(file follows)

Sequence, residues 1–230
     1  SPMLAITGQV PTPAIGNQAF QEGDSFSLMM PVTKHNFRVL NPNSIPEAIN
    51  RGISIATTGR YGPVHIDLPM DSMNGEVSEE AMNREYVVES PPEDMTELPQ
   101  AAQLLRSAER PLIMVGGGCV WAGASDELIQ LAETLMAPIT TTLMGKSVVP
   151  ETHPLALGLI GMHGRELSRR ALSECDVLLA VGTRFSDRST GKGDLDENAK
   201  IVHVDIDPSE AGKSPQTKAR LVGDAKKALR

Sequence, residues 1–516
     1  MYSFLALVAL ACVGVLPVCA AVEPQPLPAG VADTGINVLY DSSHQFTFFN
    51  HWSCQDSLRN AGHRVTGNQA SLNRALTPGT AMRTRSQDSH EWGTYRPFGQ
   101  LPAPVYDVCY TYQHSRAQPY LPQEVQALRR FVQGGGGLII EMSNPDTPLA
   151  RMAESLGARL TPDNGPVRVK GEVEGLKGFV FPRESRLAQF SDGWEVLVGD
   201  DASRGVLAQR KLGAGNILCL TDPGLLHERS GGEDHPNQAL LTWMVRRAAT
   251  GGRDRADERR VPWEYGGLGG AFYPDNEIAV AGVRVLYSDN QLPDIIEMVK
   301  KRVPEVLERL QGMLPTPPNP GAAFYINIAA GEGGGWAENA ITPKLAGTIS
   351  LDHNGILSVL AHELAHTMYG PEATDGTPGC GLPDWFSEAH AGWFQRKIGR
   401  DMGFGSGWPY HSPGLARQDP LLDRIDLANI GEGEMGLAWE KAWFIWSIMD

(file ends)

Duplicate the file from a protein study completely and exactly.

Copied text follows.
Sequence, residues 1–230
     1  SPMLAITGQV PTPAIGNQAF QEGDSFSLMM PVTKHNFRVL NPNSIPEAIN
    51  RGISIATTGR YGPVHIDLPM DSMNGEVSEE AMNREYVVES PPEDMTELPQ
   101  AAQLLRSAER PLIMVGGGCV WAGASDELIQ LAETLMAPIT TTLMGKSVVP
   151  ETHPLALGLI GMHGRELSRR ALSECDVLLA VGTRFSDRST GKGDLDENAK
   201  IVHVDIDPSE AGKSPQTKAR LVGDAKKALR

Sequence, residues 1–516
     1  MYSFLALVAL ACVGVLPVCA AVEPQPLPAG VADTGINVLY DSSHQFTFFN
    51  HWSCQDSLRN AGHRVTGNQA SLNRALTPGT AMRTRSQDSH EWGTYRPFGQ
   101  LPAPVYDVCY TYQHSRAQPY LPQEVQALRR FVQGGGGLII EMSNPDTPLA
   151  RMAESLGARL TPDNGPVRVK GEVEGLKGFV FPRESRLAQF SDGWEVLVGD
   201  DASRGVLAQR KLGAGNILCL TDPGLLHERS GGEDHPNQAL LTWMVRRAAT
   251  GGRDRADERR VPWEYGGLGG AFYPDNEIAV AGVRVLYSDN QLPDIIEMVK
   301  KRVPEVLERL QGMLPTPPNP GAAFYINIAA GEGGGWAENA ITPKLAGTIS
   351  LDHNGILSVL AHELAHTMYG PEATDGTPGC GLPDWFSEAH AGWFQRKIGR
   401  DMGFGSGWPY HSPGLARQDP LLDRIDLANI GEGEMGLAWE KAWFIWSIMD